What happens when Indians and Israelis work together

Over the years, I have consulted more than a hundred teams of Israelis and Indians working together in all configurations. Israelis with Indian bosses, Indians with Israeli bosses and Indians and Israelis with a German boss.

Whilst India is a huge country and Israelis are a very diverse and individualist lot, there tend to be several common characteristics  that I want to share.

  1. Israelis challenge authority as a way of life; India based managers have a difficult time managing their “overly opinionated ” Israel based employees.
  2. Indians often request permission from their bosses if they need to overstep their role; their Israeli counterparts view this behaviour as “hiding” behind their bosses.
  3. Both Indians and Israeli bypass the system and leverage personal connections to get things done; this serves as an excellent platform for solving what seem to be insurmountable problems.
  4. Indian employees exhibit deference and their Israeli bosses often think that there is agreement on a course of action, when there is no agreement whatsoever.
  5. Both Israelis and Indians negotiate all the time as a way of life. The better the negotiation skills are, the more mutual respect is garnered. (These negotiation skills can drive US and German managers out of their mind.)
  6. Both Israelis and Indians work very hard and put in long hours, with constant availability via their mobiles. These similarities build trust.

Consultants who work with Israel Indian teams should focus on clarifying relationship to authority, defining expectations from follower-ship, communication styles under duress, ways to augment transparency and face saving. mechanisms.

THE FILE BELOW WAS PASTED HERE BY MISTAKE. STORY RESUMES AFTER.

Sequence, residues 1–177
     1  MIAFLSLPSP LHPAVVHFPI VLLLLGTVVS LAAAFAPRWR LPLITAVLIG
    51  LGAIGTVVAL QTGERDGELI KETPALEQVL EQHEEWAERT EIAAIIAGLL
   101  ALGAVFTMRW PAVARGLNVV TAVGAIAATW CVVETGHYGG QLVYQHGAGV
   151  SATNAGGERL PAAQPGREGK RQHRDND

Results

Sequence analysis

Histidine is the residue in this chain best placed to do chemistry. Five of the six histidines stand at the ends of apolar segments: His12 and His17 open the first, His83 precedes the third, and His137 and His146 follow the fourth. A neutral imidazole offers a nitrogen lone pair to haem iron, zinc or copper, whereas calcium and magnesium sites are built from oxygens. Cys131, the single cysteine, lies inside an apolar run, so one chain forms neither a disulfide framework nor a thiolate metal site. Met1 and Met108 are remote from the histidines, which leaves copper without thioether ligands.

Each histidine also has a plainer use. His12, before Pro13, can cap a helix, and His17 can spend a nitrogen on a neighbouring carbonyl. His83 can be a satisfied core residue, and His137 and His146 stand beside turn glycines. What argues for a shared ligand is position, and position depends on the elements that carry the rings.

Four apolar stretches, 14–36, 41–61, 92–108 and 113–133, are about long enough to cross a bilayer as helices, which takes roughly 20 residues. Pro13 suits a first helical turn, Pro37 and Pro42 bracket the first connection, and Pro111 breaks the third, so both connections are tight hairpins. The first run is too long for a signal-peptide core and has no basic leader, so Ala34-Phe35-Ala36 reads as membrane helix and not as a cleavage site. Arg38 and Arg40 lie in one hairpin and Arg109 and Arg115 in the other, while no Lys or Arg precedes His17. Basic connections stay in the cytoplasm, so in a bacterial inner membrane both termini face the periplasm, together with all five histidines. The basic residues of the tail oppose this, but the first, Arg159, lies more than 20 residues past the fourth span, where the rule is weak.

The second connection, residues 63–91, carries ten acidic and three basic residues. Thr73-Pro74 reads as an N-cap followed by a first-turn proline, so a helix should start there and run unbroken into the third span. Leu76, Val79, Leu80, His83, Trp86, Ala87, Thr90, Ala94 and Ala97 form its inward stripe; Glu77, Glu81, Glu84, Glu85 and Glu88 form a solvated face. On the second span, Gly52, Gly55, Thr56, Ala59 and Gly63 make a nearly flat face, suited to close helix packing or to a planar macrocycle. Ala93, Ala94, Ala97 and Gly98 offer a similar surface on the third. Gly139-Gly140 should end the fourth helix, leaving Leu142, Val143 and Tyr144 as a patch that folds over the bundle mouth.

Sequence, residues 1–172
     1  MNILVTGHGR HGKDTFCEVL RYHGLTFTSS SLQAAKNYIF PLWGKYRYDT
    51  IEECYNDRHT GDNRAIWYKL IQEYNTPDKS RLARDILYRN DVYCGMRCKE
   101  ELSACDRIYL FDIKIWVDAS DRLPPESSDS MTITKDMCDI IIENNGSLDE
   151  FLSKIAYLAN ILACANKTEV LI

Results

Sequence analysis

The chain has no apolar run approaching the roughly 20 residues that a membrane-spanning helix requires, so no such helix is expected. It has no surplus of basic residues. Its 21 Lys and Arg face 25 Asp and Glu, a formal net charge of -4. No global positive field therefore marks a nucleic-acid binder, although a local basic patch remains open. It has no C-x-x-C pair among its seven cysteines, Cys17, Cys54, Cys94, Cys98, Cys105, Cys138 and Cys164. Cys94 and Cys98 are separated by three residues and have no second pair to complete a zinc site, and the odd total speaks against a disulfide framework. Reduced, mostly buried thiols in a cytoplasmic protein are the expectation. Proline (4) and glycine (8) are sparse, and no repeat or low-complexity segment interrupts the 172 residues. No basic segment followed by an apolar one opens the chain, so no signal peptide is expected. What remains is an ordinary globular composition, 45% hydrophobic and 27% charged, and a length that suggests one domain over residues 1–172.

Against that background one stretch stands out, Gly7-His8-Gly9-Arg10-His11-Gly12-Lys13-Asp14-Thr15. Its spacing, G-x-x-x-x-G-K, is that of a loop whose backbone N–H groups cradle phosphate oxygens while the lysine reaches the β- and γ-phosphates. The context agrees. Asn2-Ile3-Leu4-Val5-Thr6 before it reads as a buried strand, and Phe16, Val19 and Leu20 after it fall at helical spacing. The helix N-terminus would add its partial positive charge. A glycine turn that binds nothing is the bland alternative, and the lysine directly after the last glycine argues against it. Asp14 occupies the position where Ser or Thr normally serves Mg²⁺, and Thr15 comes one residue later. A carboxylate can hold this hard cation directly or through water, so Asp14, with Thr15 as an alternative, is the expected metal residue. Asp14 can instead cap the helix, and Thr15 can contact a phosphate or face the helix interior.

On a personal level, I love working with Israeli and Indian teams. Both populations show consultants a lot of appreciation and warmth if the consultant does the work properly.

 

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5 thoughts on “What happens when Indians and Israelis work together

  1. Very useful summary. Do you have any experience of differences in how time is handled between the two groups? I have quite a lot of experience with Indians, and those who work with Indians, to know that time can be an issue for other nationalities working with them. And the difference is rooted at a very deep – in fact spiritual – level within the Indian psyche, so hard to understand for outsiders. I don’t have as much experience with Israelis, so not sure if, as regards time, their more linear side comes out, or whether they operate more on people rather than clock time. And of course, Indians are pretty flexible, so may adapt to local norms if based there….

    • Hi Michael
      Both Indians and Israelis are not punctual.
      Indians often go round and round and the Israelis go on and on.
      Both sides view time as an unlimited resource.
      The Israelis view of time is-content first, time last; every decision can be opened as time moves on, time is “circular” (Jewish thing too complex to elaborate) too much attention to time based discipline is “stupid”
      Thanks for reading
      allon

  2. Working in health care in New York City I have known and worked with people from India from different religious/cultural backgrounds, Hindu, Sikh, Christian, Muslim and Jain. Is this information applicable to the diversity of people from India?

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